Aspects of Cheetah (Acinonyx jubatus) Biology, Ecology and

Aspects of Cheetah (Acinonyx jubatus) Biology, Ecology and

Aspects of Cheetah (Acinonyx jubatus) Biology, Ecology and

516 Pages ·2003·4.8 MB ·English

Aspects of Cheetah (Acinonyx jubatus) Biology, Ecology and


Aspects of Cheetah (Acinonyx jubatus)


Biology, Ecology and Conservation Strategies on


Namibian Farmlands






by


Laurie L. Marker



Thesis submitted for the degree of


Doctor Of Philosophy



Lady Margaret Hall, University of Oxford


Trinity Term 2002







ASPECTS OF CHEETAH (ACINONYX JUBATUS) BIOLOGY, ECOLOGY AND


CONSERVATION STRATEGIES ON NAMIBIAN FARMLANDS



Summary


In an increasingly human-dominated environment, the task of successfully conserving


large carnivores, such as cheetahs, is difficult due to real or perceived threats resulting in conflict


and often their local extirpation. This research describes the causes and potential solutions to this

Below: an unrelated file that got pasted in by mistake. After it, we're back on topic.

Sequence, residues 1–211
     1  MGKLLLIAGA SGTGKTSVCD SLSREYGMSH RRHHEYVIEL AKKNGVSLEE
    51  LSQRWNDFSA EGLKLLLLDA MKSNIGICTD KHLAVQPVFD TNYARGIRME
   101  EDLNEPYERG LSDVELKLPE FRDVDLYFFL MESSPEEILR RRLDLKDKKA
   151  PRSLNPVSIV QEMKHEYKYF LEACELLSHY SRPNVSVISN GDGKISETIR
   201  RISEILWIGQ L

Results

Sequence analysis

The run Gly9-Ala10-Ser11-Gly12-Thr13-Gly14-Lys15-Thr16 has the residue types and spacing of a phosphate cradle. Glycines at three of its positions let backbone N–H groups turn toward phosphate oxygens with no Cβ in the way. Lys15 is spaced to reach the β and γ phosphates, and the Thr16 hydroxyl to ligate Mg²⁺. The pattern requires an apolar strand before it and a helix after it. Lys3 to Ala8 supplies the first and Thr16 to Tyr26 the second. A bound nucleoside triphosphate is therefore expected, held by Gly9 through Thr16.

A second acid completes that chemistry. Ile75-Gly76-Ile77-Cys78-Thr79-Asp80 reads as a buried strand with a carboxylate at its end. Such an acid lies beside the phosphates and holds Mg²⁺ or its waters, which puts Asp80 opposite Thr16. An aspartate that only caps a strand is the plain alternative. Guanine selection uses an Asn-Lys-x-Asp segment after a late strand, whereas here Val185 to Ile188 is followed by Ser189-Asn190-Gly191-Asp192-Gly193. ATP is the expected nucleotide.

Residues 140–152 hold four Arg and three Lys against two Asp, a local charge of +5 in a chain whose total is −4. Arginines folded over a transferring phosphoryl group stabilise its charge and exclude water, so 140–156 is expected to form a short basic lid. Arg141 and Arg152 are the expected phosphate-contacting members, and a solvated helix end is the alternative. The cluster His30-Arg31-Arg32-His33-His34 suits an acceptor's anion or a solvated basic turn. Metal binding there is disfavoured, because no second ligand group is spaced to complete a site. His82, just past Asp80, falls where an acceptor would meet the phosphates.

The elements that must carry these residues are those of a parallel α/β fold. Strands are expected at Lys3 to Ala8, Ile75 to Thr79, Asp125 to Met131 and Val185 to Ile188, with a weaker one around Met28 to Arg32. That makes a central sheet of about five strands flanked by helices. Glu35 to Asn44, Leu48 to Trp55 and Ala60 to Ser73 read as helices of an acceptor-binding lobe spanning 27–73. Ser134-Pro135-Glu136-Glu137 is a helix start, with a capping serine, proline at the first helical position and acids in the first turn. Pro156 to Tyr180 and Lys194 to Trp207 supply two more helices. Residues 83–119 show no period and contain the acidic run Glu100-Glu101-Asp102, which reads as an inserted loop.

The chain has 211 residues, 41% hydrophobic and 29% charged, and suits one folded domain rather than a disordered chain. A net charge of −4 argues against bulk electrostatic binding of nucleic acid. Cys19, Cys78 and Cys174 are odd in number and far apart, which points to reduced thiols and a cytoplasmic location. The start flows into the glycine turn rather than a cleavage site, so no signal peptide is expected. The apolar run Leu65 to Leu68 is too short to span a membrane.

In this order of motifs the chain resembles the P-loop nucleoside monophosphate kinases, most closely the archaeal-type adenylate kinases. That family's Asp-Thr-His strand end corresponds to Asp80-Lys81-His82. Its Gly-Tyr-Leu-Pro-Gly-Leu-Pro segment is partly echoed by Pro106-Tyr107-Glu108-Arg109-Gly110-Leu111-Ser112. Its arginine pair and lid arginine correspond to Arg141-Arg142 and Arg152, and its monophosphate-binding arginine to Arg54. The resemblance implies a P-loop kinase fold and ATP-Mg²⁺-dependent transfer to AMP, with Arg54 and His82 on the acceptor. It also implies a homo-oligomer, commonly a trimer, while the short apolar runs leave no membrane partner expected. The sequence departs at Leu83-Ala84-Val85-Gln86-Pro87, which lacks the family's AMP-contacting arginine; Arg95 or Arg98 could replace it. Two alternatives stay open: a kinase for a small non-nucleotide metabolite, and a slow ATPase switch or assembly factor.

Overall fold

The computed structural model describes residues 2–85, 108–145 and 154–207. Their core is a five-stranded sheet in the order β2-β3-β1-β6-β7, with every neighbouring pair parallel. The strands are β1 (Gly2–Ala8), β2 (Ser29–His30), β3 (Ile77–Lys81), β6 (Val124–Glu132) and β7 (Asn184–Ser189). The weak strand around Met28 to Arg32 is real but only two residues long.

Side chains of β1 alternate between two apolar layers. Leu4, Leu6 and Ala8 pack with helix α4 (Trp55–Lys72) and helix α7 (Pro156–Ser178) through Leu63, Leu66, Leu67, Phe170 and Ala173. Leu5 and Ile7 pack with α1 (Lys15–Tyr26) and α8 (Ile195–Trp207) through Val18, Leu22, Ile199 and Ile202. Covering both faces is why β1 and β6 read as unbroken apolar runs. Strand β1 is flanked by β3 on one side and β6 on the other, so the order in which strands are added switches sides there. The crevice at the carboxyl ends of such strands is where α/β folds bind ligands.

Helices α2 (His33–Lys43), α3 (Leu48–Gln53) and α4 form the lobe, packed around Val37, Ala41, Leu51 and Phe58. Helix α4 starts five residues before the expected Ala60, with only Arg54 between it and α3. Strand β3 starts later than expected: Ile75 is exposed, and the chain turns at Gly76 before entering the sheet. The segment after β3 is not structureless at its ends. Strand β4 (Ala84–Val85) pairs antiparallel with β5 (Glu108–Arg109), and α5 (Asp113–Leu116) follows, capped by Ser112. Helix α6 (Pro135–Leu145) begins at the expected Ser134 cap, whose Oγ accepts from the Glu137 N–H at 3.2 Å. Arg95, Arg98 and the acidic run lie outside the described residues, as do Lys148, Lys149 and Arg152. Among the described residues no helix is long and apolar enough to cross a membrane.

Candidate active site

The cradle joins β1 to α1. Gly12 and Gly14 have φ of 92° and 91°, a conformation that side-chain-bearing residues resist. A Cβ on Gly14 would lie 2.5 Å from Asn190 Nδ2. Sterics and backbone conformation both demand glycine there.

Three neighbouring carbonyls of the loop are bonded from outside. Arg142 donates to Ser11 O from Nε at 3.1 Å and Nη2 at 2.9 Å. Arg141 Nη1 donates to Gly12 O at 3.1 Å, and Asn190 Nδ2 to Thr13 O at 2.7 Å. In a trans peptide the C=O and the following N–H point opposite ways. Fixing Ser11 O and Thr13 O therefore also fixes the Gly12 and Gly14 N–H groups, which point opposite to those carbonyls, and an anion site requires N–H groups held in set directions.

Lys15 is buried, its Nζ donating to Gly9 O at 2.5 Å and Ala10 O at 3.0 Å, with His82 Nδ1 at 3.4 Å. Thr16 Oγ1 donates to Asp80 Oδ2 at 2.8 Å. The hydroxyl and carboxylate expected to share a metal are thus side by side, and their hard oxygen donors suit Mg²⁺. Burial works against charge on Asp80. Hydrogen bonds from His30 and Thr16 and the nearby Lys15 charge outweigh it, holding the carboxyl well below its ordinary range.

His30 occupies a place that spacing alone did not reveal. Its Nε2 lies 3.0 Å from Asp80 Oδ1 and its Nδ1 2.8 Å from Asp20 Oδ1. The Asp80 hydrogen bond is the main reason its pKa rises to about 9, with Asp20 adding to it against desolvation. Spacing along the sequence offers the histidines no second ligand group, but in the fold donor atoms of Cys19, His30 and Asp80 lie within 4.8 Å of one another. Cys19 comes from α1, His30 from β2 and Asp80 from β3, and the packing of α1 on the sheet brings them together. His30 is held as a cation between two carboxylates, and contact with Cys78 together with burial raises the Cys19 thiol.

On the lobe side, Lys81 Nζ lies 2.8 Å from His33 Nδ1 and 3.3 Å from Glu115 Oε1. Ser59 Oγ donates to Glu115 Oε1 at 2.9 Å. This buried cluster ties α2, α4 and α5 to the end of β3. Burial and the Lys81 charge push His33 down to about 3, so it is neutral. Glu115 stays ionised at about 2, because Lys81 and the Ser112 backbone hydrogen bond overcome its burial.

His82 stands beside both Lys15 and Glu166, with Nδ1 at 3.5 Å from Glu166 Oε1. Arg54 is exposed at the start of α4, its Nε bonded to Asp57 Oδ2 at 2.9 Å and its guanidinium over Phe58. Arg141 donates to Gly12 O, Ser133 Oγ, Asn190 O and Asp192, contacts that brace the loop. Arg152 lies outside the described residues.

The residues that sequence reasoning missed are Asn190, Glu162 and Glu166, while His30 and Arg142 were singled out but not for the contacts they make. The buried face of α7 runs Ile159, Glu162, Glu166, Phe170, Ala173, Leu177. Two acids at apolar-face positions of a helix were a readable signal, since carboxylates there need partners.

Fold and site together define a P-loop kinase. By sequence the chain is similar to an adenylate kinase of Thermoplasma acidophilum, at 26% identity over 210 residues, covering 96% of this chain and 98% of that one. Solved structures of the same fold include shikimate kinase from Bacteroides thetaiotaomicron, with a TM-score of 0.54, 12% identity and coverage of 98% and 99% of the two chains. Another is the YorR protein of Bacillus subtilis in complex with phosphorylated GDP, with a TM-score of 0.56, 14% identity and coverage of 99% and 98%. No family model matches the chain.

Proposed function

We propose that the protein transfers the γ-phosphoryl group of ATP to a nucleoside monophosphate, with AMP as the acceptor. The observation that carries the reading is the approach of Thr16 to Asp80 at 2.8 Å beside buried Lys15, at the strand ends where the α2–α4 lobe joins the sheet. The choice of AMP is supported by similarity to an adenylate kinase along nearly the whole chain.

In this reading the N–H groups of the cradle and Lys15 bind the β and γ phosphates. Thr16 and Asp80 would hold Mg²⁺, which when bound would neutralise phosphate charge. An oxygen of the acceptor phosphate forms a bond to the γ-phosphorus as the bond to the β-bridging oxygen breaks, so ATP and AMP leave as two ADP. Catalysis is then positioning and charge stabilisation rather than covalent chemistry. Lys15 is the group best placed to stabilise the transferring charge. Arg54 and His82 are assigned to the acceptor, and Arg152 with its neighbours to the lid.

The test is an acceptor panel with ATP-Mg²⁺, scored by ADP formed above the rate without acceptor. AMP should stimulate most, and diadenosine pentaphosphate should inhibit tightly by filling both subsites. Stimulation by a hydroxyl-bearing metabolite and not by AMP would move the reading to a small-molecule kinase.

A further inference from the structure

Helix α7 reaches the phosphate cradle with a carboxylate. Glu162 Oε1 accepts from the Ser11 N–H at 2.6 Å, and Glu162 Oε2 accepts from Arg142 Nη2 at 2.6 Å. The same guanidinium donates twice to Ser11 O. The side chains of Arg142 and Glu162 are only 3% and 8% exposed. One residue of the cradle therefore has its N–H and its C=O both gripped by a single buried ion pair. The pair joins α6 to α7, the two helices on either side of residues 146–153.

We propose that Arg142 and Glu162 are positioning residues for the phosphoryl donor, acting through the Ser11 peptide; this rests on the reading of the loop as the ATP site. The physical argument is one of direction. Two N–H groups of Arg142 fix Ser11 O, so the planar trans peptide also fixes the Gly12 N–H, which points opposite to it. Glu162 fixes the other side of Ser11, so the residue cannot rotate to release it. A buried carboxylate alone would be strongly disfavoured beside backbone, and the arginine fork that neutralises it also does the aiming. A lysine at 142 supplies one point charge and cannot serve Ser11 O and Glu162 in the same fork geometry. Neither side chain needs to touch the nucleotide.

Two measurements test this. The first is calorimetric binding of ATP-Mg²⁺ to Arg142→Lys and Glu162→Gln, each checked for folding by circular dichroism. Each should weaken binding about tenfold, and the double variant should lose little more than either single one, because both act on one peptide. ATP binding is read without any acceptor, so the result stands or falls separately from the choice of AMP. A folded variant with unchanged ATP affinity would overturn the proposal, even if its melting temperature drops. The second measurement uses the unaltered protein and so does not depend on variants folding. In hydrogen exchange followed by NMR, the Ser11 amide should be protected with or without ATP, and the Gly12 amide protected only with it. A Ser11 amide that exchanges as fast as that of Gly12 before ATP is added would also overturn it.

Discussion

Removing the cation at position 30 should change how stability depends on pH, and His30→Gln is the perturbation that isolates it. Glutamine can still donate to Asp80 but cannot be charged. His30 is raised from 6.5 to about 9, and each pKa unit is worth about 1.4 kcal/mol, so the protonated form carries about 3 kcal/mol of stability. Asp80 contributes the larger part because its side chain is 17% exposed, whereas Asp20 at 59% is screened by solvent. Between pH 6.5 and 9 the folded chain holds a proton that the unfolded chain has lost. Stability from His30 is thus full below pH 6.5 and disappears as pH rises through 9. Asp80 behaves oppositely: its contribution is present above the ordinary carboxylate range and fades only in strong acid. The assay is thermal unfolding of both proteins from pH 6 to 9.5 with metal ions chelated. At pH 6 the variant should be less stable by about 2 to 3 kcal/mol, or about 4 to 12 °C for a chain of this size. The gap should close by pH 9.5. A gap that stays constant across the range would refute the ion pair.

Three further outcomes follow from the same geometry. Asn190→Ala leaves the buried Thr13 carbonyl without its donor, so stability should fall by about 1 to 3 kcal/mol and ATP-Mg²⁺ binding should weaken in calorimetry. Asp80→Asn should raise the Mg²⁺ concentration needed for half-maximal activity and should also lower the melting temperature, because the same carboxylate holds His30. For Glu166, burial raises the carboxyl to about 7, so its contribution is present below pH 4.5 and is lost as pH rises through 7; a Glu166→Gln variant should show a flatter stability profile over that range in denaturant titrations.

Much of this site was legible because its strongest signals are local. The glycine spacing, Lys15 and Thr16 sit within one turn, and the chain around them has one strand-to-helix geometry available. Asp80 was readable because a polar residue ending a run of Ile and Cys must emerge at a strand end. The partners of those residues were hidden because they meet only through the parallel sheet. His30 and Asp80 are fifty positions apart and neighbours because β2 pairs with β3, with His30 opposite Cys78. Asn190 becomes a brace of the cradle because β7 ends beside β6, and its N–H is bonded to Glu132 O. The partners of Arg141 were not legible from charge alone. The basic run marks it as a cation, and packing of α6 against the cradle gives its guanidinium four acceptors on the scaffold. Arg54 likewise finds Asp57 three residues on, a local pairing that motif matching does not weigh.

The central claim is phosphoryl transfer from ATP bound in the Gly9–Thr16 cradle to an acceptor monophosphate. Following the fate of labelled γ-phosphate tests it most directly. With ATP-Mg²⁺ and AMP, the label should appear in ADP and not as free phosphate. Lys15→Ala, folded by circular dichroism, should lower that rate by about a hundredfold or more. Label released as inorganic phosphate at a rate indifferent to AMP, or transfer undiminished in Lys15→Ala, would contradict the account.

conflict in Namibia. Cheetah biology and ecology were studied through physical examination,


laboratory analysis, radio-tracking and human perceptions using survey techniques.


Between 1991 and 2000 data collected on over 400 live-captured and dead cheetahs


showed that a perceived threat to livestock or game was the reason for 91.2% (n = 343) of


cheetahs captured and 47.6% (n = 30) of wild cheetah deaths. Both were biased towards males,


with 2.9 males being captured for every female, despite an apparent equality of sex ratio.


Human-mediated mortality accounted for 79.4% (n = 50) of wild deaths reported, of which the


majority involved prime adult animals, with a peak at around 5-6 years of age.


Polymorphic microsatellite loci were used to assess 313 Namibian cheetahs’ variation,


gene flow, paternity and behavioural ecology. Genetic analysis showed limited regional


differentiation supporting a panmictic population and that persistence in Namibia depends on


dispersal from regions throughout the country; therefore efforts of connectivity throughout the


country should continue. Relatedness values confirmed family groups, and 45 new potential


sire/dam offspring and 7 sibling groups were identified, providing information on dispersal and


the success of translocation. Sera from wild cheetah were assessed for exposure to feline and


canine virus antibodies to CDV, FCoV/FIP, FHV1, FPV, and FCV; antibodies were detected in


24%, 29%, 12%, 48%, and 65%, respectively, showing infection occurs in wild cheetahs;